Zoo staff are helping panda Mei Ziang with surprise newborn twins - by putting them in incubators
National Zoo staff are helping giant panda Mei Xiang adjust to life with her newborn twins by occasionally switching out one cub and keeping it in an incubator, zoo officials said on Sunday.
Mei Xiang, a star tourist draw, took staff by surprise on Saturday by giving birth to twins about four-and-a-half hours apart. Giant pandas are among the world's most endangered species and she had been artificially inseminated.
Laurie Thompson, a giant panda biologist, said she and other staff had monitored Mei Xiang to see if she was strong enough to pick up the second cub on her own.
Read more here: Panda-monium! Giant panda Mei Xiang gives birth to twins
"She was really struggling. She was trying but she wasn't able to pick up both of the cubs ... At the right moment, we were able to go in and grab one of the cubs and take it out safely when Mei Xiang was not really close to it," Thompson told reporters.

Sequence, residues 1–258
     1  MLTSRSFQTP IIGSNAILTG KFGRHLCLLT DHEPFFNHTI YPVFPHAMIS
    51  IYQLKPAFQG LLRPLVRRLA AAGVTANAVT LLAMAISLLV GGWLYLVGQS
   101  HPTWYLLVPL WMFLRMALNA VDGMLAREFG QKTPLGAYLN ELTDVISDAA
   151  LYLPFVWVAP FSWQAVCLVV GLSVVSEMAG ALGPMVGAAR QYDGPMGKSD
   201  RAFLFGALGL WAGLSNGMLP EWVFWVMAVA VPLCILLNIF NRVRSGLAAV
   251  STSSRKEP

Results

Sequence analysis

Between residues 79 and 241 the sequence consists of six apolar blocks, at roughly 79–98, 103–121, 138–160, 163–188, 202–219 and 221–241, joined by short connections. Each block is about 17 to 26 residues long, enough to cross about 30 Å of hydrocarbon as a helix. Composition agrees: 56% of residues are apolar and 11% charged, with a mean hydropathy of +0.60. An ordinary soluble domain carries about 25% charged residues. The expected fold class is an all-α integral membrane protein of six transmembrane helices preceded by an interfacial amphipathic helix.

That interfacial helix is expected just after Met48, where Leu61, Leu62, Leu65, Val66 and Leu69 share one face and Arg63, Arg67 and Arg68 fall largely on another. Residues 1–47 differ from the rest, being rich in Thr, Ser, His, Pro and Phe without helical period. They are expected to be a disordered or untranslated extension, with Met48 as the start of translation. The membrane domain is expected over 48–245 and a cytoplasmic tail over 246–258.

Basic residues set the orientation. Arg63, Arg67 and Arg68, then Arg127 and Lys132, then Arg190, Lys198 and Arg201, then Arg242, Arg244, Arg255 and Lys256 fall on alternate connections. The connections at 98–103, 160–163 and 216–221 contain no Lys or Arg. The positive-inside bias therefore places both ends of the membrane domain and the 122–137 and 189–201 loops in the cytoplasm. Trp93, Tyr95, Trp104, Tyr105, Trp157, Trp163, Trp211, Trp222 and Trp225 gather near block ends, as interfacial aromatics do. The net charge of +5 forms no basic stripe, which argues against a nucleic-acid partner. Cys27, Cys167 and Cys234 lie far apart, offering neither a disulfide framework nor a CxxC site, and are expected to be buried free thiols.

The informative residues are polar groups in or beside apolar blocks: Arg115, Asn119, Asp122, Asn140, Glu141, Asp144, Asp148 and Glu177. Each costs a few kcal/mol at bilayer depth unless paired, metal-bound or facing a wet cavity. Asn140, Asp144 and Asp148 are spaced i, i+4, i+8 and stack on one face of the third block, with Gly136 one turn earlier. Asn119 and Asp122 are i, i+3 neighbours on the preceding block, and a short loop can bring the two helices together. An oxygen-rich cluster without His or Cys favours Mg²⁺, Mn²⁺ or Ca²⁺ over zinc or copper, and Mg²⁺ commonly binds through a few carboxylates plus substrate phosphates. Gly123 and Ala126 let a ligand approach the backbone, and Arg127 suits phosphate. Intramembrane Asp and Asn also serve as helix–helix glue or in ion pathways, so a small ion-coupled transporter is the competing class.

One cub was placed in an incubator in line with protocol when twins are born.
Dr Don Neiffer, the zoo's chief veterinarian, said the first few hours after birth were critical for the panda cubs, especially since they have almost no fur.
"They are not able to thermo-regulate very well and they need to constantly be receiving some calories and fuel for the furnace," he said.
To track each cub's progress, officials are measuring and weighing each cub as they switch them out.
Mei Xiang was artificially inseminated on April 26 and 27 with frozen sperm from Hui Hui, a panda in China, and fresh sperm from the National Zoo's Tian Tian. Zoo veterinarians first detected evidence of a foetus on an ultrasound on August 19.
Mei Xiang previously has given birth to two surviving cubs, Tai Shan in 2005 and Bao Bao in 2013. Bao Bao marked her second birthday on Sunday.
Giant pandas have a very low reproductive rate, particularly in captivity. Their natural home is in a few mountain ranges in central China. There are about 1,600 giant pandas known to be living in the wild and some 300 in captivity.